Copywrite is an intense man who knows how to turn the adversity of his life as a talented-but-tortured rapper into good art, as evidenced by this album.
Copywrite is a passionate guy with a lot to get off his chest. Known for his arrogant punchlines, the underground Hip Hop emcee hit a wall years ago, when his strong talents failed to translate to mainstream recognition. Returning home to Columbus, Ohio, the MHz alum delivers his most personal album to date, and experiments with sounds and subjects, but still a chip on his shoulder.
The Life and Times of Peter Nelson, Copy spares no harsh words for all the haters in his life, whether real or imagined. In the process, he employs lucid rhyming and spirited verses over tactful euphemisms and hushed rumination in an attempt to reflect the brutal truth buried deep inside his heart. The result? an album full of truthfulness that brings light to the fractured realism and brutal honesty of art often missing in contemporary Rap music.
“Three Story Building” is a noteworthy track that brings the Columbus native and Dilated Peoples in a cypher that explores their not-so-rosy childhoods. Rakaa shares his experiences watching L.A. hustlers quickly rise and ultimately fall and Evidence explains that life can be quite dangerous on the streets of Venice Beach. Moreover, Copywrite drops rhymes with picture-perfect brevity, revealing the horror of having to starve and getting by with very little as a result of being from a poor Midwestern family. As he eloquently repeats, “Let the beat tell the story for us” if these rappers’ words aren’t enough to evoke the eloquence of poetic realness. “Confessional” is another satisfying cut that finds the battle-hardened emcee giving us more than enough reason as to why rapping comes natural to him. He allows laser-precise words to flow freely from his lips, cutting through the countless accusations of him as being a misogynistic, self-obsessed alcoholic who cannot see past his arrogance. The MHz emcee not only shares the loss of his beloved mother, the hassles of fame and years of substance abuse but also the wisdom earned from years of struggling in a world impervious to compassion and progress. Other standouts include “Mother May I”, a heartfelt ode to the most important woman in his life, “Forever and A Day,” featuring Middle Distance Runner, a nice tribute to the people who are no longer here but have impacted him greatly and, last but not least, “Trooper” featuring Sean Price, a redemption song of sorts that finds Copy and Sean validating their artistic worth even if their fellow peers fear the weight of their lyrical talent and unfettered imagination.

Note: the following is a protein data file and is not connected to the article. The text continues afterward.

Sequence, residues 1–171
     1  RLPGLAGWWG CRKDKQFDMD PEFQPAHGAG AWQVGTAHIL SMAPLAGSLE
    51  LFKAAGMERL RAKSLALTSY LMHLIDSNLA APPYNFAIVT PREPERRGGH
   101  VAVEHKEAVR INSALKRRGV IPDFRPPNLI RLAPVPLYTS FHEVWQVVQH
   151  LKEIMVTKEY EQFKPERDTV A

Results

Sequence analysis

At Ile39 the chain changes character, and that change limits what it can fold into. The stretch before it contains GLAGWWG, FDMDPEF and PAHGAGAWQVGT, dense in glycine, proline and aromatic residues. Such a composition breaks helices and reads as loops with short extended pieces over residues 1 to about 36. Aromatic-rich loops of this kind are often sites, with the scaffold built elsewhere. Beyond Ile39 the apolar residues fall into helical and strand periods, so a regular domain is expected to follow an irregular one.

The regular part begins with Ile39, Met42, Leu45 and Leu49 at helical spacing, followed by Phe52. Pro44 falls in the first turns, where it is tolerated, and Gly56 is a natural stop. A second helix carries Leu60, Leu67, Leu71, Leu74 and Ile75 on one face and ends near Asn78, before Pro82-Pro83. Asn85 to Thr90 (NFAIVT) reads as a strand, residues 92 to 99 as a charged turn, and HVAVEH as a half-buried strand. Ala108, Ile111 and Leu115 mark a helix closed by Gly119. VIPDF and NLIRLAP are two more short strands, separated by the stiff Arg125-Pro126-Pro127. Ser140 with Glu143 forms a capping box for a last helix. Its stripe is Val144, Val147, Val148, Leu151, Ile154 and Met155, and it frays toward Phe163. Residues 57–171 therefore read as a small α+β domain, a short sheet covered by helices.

Some missteps do occur on this particular full-length. For example, “Shotgun” is a sorry attempt by the rapper to belittle the brain-dead nature of Hip Hop slow jams, conjuring the memory of Kurt Cobain and Courtney Love to describe his particularly volatile relationship with a psychotic female that sounds disingenuous and immature, considering the high level of honesty he’s achieved on other songs. “Bored” is another silly ditty that gives the Ohio “Killa” a chance to get back at all the Internet trolls who have spent too much time giving him hell for living a Rock star-type lifestyle. Thirdly, “Y.O.G.A. Stretch” finds us meeting the Copywrite of old in a dark alleyway, vengeful and obnoxious as ever. His battle rhymes retain their youthful and energetic tone but after listening to other heady joints where he is able to turn sad verses into poetic bliss, it seems a bit hollow and in his very own words, “retarded.”
Copywrite is an intense man who knows how to turn the adversity of his life as a talented-but-tortured rapper into good art, as evidenced by The Life and Times of Peter Nelson. The Columbus, Ohio mic-wrecker shares the heavy pain, rejection and frustration that haunts his psyche in a valiant effort to paint a vivid picture of what Rap music truly is - a genre that rewards listeners the wisdom of reflection, hope and illumination as it does entertain with tales of sexual conquests, violence and material riches. Although the passionate emcee does resort to low-brow attacks and sophomoric analogies when he feels like it, he’s always keeping it trill.